Mullabrack Orange Lodge meets in its own Orange Hall built in 1931, beside the main Markethill / Portadown Road, approximately 1.5 miles from the town of Markethill. Traditionally, it has always been one of the largest Lodges in the District and it draws most of its membership from around the Mullabrack area itself.
The Lodge Warrant was first issued in 1798, three years after the Battle of the Diamond in 1795, and was itself the year of the United Irishmen rebellion. The fact that the Lodge Warrant was issued in the same year as this rebellion should be seen as no coincidence as the Warrant was issued to Brother John McMullen of an “Armagh Regiment.” Whilst the name of the Regiment is not given, it most probably was one of the local militias or yeomanry units raised in Co. Armagh to counter the rebellion that year. This view is given more credence by the fact that the Warrant was a “travelling” one, which allowed the Lodge to meet in whatever location or venue in which its members found themselves. So, if the “Armagh Regiment” was posted out of the Co. Armagh area, the Warrant went with it, thus allowing the Lodge to meet.
The title of the Lodge “Hearts of Steel” also gives an indication as to its origins. In the latter part of the 18th century, Ulster and particularly Co. Armagh was in the grip of an ongoing land war between both Roman Catholic and Protestant farmers. Both groups, due to the small acreage of land available to a dense rural population, often came to blows (and much worse) in arguments over who owned the land. Gangs were formed with the Catholic “Defenders” being the largest and best organised. Their counterparts on the Protestant side were the “Peep o’ Day Boys” and the “Hearts of Steel,” many of whom (and obviously so in the case of L.O.L. No. 1406) were later to be submerged into the newly formed Orange Order.
The first mention of the Warrant of L.O.L. No. 1406 “coming home” to Mullabrack seems to have been around 1856, when it was renewed by a Brother William Singleton, who was also Worshipful District Master of Markethill. Since then, the Lodge has formed an integral part of the life of the Mullabrack area, and has had close connections with the local Church of Ireland parish, St. John’s, where the Lodge holds its annual Church service on the first Sunday in July. That connection was re-emphasised when a portrait of the Parish Church was included on the new Lodge banner, unfurled in July 1989.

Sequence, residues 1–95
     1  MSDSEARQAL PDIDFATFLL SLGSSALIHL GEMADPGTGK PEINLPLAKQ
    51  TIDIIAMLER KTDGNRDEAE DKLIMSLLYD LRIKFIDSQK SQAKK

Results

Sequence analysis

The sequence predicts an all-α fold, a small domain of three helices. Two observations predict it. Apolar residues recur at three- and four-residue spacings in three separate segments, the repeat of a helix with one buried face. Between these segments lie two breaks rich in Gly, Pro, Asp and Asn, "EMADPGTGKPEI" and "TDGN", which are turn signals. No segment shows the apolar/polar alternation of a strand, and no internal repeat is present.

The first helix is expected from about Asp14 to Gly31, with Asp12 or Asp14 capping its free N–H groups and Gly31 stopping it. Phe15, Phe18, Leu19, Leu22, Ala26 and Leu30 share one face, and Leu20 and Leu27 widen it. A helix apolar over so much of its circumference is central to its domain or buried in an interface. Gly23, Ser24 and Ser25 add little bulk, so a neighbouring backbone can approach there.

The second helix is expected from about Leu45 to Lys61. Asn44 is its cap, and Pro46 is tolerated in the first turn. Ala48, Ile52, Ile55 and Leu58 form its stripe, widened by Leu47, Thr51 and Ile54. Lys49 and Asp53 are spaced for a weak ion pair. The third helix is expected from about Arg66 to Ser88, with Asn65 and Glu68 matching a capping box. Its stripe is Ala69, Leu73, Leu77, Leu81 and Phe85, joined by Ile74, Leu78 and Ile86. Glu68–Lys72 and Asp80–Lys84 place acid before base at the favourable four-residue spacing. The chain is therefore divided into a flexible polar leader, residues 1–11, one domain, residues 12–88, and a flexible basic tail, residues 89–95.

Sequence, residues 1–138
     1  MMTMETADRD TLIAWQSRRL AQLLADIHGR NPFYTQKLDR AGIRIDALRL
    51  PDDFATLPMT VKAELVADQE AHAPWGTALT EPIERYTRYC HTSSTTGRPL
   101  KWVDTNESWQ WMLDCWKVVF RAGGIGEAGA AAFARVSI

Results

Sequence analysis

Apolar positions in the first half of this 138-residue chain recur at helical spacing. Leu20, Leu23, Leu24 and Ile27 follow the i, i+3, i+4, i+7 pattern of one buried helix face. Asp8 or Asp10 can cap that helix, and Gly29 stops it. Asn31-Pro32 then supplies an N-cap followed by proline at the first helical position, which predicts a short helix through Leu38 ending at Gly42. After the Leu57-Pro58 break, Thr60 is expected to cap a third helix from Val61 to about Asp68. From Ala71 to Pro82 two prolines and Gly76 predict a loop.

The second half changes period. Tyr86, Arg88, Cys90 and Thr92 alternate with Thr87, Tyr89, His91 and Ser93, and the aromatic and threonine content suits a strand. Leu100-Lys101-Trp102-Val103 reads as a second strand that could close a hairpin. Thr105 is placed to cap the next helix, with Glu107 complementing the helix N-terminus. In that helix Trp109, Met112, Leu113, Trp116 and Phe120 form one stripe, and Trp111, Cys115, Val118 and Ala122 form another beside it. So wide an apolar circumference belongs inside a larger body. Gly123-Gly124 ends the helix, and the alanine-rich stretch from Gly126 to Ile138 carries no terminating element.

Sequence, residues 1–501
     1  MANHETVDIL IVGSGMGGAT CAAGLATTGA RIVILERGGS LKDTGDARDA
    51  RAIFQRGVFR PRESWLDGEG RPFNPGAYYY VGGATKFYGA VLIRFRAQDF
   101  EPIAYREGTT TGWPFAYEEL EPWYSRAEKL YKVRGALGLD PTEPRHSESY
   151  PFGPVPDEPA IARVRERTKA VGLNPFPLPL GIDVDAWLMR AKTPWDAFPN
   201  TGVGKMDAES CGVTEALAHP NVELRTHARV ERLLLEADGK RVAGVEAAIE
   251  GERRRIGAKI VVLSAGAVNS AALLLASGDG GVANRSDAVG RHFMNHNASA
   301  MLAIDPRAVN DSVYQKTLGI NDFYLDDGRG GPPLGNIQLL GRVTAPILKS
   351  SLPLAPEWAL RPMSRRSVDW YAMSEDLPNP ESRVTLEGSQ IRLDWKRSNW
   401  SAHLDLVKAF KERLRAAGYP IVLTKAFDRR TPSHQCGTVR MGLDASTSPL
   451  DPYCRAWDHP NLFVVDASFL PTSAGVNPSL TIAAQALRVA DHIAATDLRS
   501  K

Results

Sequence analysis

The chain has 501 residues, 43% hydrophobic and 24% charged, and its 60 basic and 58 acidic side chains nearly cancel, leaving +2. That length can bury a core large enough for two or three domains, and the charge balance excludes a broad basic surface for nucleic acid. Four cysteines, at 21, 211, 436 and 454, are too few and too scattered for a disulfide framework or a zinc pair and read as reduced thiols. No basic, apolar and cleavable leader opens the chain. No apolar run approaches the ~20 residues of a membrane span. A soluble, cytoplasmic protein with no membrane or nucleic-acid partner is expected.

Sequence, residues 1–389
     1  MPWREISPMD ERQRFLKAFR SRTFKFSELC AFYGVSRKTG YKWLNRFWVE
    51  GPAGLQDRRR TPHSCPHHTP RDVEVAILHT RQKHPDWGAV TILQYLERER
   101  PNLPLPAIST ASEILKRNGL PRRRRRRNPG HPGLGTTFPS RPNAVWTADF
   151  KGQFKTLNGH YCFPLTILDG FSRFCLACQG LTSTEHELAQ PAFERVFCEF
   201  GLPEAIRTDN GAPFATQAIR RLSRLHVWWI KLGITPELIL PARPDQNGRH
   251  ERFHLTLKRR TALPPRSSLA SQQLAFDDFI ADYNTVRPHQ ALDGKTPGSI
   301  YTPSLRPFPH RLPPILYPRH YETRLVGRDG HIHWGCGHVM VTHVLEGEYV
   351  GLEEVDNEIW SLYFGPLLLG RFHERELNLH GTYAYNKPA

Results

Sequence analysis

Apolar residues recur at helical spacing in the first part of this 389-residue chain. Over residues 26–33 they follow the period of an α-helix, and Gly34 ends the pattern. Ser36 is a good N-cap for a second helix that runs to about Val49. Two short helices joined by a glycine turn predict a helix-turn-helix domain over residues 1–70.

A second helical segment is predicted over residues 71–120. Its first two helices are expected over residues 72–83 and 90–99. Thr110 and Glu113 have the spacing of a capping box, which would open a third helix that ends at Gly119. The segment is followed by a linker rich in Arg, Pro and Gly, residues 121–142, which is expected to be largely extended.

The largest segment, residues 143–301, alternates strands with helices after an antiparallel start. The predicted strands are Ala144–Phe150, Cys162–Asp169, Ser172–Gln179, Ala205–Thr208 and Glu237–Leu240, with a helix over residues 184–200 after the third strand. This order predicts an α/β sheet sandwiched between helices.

The Lodge had always a history of being a “drumming” Lodge. Since the end of World War II, the drums have been replaced by a flute band which was associated with the Lodge until its demise in the mid-1950s, and more recently by the Mullabrack Accordion Band, formed in 1984.
A final point of note was the unfurling of a new banner on 12th July 1989. The banner, as indicated previously, bears a portrait of St. John’s Parish Church on one side and the late Brother Charles Spence, who was murdered by the enemies of Ulster in November, 1982, on the other side. This banner now serves as a sombre reminder to us all of the supreme sacrifice which has been made by so many for the old cause.